All posts filed under “Marketing

Cialdini on the Beach

Cialdini on the Beach

Self-monitoring is one of the most common persuasive techniques used in interface design: basically, giving people feedback on what they’re doing and what they’ve done. There are lots of issues about which kinds of feedback work best, in what circumstances, pairing it with feedforward, i.e. […]

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Motel 6cc

Motel 6cc

The plastic* of this built-in Dove shower cream bottle I encountered in a Finnish hotel recently was significantly stiffer than the consumer retail version. The idea is that you press the side of the bottle where indicated to dispense some cream, but it didn’t deform […]

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Persuasion & control round-up

Persuasion & control round-up

New Scientist: Recruiting Smell for the Hard Sell Samsung’s coercive atmospherics strategy involves the smell of honeydew melon: THE AIR in Samsung’s flagship electronics store on the upper west side of Manhattan smells like honeydew melon. It is barely perceptible but, together with the soft, […]

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Detailing and retailing

Detailing and retailing

The dazzle painting of HMS Furious, c. 1918. Image from A Gallery of Dazzle-Painted Ships A couple of weeks ago we looked at casino carpet design – a field where busy, garish graphic design is deliberately employed to repel viewers, and direct their attention somewhere […]

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In default, defiance

In default, defiance

‘Choice of default’ is a theme which has come up a few times on the blog: in general, many people accept the options/settings presented to them, and do not question or attempt to alter them. The possibilities for controlling or shaping users’ behaviour in this […]

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The Terminal Bench

The Terminal Bench

Mags L Halliday – author of the Doctor Who novel History 101 – let me know about an ‘interesting’ design tactic being used at Heathrow’s Terminal 5. From the Guardian, by Julia Finch: Flying from the new Heathrow Terminal 5 and facing a lengthy delay? […]

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Bad profits

Bad profits

The Gillette Sensor Excel not only comes with a dummy blade, it also only comes with two out of five possible blade slots filled. Images from Sevenblock on Flickr. The razor-blade model in general is something of an old chestnut as far as architectures of […]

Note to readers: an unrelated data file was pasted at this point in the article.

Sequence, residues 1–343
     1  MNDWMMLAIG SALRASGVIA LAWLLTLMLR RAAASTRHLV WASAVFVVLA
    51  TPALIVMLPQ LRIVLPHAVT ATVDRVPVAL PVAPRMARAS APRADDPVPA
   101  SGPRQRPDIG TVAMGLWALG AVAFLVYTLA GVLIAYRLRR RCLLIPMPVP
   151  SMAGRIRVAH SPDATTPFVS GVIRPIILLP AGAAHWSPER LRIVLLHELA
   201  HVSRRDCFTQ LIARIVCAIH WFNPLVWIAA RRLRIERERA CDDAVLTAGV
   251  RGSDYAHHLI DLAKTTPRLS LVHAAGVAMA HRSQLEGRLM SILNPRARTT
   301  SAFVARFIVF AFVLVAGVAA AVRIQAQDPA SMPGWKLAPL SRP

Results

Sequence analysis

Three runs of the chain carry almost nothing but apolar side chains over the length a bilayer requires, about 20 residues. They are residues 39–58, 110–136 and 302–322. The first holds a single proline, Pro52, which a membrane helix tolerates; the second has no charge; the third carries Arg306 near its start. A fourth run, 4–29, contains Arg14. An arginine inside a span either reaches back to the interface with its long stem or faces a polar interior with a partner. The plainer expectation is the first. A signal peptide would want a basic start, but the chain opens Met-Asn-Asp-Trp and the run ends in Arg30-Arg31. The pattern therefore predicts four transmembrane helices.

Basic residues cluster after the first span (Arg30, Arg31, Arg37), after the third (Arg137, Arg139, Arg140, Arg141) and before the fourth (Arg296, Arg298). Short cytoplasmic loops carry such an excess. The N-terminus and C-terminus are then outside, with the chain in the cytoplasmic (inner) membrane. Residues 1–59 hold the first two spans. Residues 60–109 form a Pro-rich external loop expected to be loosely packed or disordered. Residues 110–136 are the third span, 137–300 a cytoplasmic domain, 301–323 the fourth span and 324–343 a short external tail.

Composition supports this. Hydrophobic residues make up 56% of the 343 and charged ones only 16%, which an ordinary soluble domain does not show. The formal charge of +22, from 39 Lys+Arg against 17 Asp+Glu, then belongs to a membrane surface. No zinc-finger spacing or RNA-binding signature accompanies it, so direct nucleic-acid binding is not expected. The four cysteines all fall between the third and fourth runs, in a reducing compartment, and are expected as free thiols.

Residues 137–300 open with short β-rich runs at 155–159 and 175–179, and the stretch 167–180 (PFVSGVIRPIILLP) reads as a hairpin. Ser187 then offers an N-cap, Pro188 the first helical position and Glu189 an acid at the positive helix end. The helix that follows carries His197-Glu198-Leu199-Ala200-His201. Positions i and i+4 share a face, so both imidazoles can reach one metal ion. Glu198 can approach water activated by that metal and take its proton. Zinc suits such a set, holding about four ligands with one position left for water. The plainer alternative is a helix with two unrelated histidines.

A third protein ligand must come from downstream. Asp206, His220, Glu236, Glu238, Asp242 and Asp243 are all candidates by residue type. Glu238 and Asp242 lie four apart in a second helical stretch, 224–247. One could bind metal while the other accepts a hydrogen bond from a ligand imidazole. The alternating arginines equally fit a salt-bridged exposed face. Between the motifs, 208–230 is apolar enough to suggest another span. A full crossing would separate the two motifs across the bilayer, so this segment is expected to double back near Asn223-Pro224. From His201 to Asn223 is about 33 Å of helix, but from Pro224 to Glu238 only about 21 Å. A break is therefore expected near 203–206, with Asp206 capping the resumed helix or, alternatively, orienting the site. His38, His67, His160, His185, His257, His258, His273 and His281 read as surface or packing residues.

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Portioning blame

Portioning blame

McDonald’s, Toledo, Ohio, 1967. Image from DRB62 on Flickr. We’ve looked previously at the effect of portion/packaging sizes as a ‘choice of default’ architecture of control, and I’m aware that I have not yet reviewed Dr Brian Wansink‘s excellent Mindless Eating, which examines this and […]

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Deliberately creating worry

Deliberately creating worry

Swedish creativity lecturer Fredrik Härén mentions an interesting architecture of control anecdote in his The Idea Book: One of the cafés in an international European airport was often full. The problem was that people sat nursing their coffees for a long time as they waited […]

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Tearstrip-tease

Tearstrip-tease

Alexander Freitas of the Infinity Squared blog notes the difficulties with frustrating tear-strips on packaging, and, comparing an easier-to-open pack from one manufacturer with a difficult tearstrip from another, suggests (somewhat along the lines of ‘Forcing functions designed to increase product consumption‘), that the company’s […]

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Objects in mirror are wider than they appear

Objects in mirror are wider than they appear

This is an interesting story. Robert Kilroy-Silk (above) currently an independent MEP, has raised the issue in the European Parliament of intentionally distorting mirrors in clothes stores, specifically Marks & Spencer: Marks and Spencer has said it is mystified by a claim by MEP Robert […]

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Packet switching

Packet switching

Both Dr Tom Stafford (co-author of the fantastic Mind Hacks book & blog) and Gregor Hochmuth (creator of FlickrStorm, an improved Flickr search system) have been in touch suggesting packaging/portion sizes as a significant everyday architecture of control, (or at least an aspect of design […]

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Coercive atmospherics reach the bus shelter

Coercive atmospherics reach the bus shelter

Jonathan Zittrain discusses scented advertising in bus shelters: the California Milk Processor Board recently tried a campaign with chocolate-chip cookie-scented “aromatic strips”, intended to provoke a thirst for milk, in San Francisco before having to remove them after allergy/chemical sensitivity concerns. The use of scent […]

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Shaping behaviour: Part 2

Shaping behaviour: Part 2

Speedometer, rev counter and fuel and temperature gauges on the dashboard of my 1992 Reliant Scimitar SST. Photo taken on B1098 alongside Sixteen Foot Drain, Isle of Ely, England. In part 1 of ‘Shaping behaviour’, we took a look at ‘sticks and carrots’ as approaches […]

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A couple of stories from the Consumerist

A couple of stories from the Consumerist

“Is Sylvester Stallone Taking Over Your TV?” – anecdotal suggestion that some digital video recorders may be attempting to ‘push’ certain movie franchises in the run-up to release by recording (unrequested) previous titles in a series, or with the same actors. Well, this is totally […]

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